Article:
Unfortunately, there are no current Ebola tests for dogs or other pets. There is an Ebola human vaccine in the works, but it will not be available until at least late 2016.
What symptoms should we look for?
We do not yet know if pets experience symptoms when infected with Ebola or what their specific symptoms will be. Human Ebola symptoms include fever or more than 101.5°F, severe headache, muscle pain, weakness, diarrhea, vomiting, abdominal pain, and unexplained hemorrhage (bleeding or bruising). http://www.cdc.gov/vhf/ebola/symptoms/
Interestingly, the Gabon dogs that were carrying the Ebola antibodies did NOT show symptoms – not all infected animals do. However, Dr. David Sanders, a Biology Professor at Purdue, reports that some infected animals that show no symptoms, “Can potentially be capable of transferring virus to humans.” He was referring to fruit bats, but since we do not yet definitively know if dogs, cats, or other companion animals will show symptoms when infected, be vigilant.
How long should we quarantine a pet exposed to Ebola?
This is the trickiest part of choosing to not euthanize the potentially-exposed pets of Ebola patients when their owners are diagnosed. Dr. Amesh Adalja, an infectious disease specialist at the University of Pittsburg Medical Center’s Center for Health Security posed the following quarantine questions in an interview with NPR:
“Is the incubation period the same in a dog as a human?
Does the virus follow the same type of spread inside a dog’s body?
The way we test for virus in the blood – is it the same for dogs as for humans?
What if the virus remains in the dog’s semen for three months (as it does in humans). We can tell a human to refrain from sex or practice safe sex but how do you do that with a dog?
What about the fact that saliva is a body fluid that can transmit Ebola? Dogs do a lot of licking.”
Dr. Adalja further reported that, “All our protocols and algorithms work on primates. It’s unclear to me how to translate that to canines and do it with certainty that would ensure the dog wasn’t infected or poses no risk.”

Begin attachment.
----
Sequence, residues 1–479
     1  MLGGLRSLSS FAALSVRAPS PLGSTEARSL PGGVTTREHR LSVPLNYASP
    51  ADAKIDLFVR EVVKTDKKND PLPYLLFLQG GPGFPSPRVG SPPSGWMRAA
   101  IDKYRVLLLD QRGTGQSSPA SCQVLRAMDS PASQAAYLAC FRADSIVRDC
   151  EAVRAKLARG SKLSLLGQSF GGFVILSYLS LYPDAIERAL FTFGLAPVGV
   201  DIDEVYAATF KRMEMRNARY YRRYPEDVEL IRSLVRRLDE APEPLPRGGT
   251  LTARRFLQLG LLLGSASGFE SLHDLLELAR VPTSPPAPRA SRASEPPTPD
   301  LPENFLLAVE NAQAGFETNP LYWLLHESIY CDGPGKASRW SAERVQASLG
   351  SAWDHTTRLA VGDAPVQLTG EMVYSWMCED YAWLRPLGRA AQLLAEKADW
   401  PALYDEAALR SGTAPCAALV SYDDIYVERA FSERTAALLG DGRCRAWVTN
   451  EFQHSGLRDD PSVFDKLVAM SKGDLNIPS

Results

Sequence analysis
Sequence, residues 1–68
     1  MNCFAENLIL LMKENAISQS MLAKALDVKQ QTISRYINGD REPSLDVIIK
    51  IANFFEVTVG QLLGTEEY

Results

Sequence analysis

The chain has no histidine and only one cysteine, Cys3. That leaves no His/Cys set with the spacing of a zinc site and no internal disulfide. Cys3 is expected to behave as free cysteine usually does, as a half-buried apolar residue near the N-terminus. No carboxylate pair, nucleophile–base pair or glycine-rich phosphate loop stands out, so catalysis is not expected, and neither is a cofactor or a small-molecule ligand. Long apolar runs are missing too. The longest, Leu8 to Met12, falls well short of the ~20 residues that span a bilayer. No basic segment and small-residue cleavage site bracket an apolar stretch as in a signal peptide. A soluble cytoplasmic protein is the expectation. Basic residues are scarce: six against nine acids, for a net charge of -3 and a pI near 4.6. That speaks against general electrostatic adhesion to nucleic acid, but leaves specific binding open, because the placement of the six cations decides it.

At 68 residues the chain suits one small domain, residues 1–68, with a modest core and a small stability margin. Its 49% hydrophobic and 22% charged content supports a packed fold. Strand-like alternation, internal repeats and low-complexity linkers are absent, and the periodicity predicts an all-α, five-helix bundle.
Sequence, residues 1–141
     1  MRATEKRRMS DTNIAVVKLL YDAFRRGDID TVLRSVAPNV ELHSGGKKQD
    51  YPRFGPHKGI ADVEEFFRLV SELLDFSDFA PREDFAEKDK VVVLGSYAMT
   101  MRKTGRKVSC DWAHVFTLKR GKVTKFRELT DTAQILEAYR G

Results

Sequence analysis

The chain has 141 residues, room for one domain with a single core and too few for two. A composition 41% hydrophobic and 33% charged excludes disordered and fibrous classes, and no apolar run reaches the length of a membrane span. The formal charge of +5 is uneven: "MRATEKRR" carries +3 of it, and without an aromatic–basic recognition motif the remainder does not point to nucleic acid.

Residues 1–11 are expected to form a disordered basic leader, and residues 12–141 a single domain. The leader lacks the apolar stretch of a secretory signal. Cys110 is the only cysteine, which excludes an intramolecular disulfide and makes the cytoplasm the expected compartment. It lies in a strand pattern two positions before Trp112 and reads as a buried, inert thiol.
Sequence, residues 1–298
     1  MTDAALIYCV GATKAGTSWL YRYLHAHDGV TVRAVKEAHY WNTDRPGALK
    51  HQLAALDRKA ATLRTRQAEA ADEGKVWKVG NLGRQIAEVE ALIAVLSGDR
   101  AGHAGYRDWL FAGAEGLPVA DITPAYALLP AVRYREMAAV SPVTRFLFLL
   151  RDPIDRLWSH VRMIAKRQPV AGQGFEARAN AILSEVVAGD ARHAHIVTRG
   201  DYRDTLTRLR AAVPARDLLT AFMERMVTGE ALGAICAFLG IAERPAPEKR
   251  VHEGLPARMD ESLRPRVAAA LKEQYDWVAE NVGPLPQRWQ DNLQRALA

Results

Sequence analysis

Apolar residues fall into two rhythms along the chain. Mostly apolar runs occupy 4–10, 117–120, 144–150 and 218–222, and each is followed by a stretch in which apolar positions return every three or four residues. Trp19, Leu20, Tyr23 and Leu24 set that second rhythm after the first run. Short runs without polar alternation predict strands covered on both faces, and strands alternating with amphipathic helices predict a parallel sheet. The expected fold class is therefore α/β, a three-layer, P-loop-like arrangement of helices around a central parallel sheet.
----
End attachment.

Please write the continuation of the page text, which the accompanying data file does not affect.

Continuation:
What can vet teams do right now?
Alleviate staff fears, focus on the facts, and anticipate the potential needs of patients and pet owners!
We truly hope that Ebola will prove to be non-transmittable by our furry friends, but this is a tough situation for veterinary professionals, as so much is still unknown research-wise and vet teams deal extensively with bodily fluids of animals with unknown illnesses or diseases.
The dogs involved in the Gabon study had been observed eating from the corpses of humans that had died from Ebola, so exposure would be expected in those circumstances. Currently, the CDC is not highly concerned about the potential for Ebola transmission from household pets, but it would be wise to take precautions and not automatically dismiss team or client concerns as we wait for more information to emerge.
If Ebola does show up in your area, and you discover that you worked with an animal that spent time with its owner between exposure and diagnosis, you should immediately contact the CDC whether or not the animal showed any symptoms during their appointment, hospital stay, or boarding period.
As veterinary professionals, we know to keep our mouths closed during all juicy procedures. However, how often do you cover every minor wound on your hands or arms to avoid potential contact with fluids? Or, successfully avoid having a sweet but sloppy doggy thank you kiss land on your mouth? Or, share a lick of your ice cream cone with your own dog?
This is an excellent time to review with your staff the do’s and don’t of disease containment, safe sanitation methods, and utilizing appropriate protective gear – especially when dealing with the unknown; and to share with your clientele what we do know so far about Ebola and pets!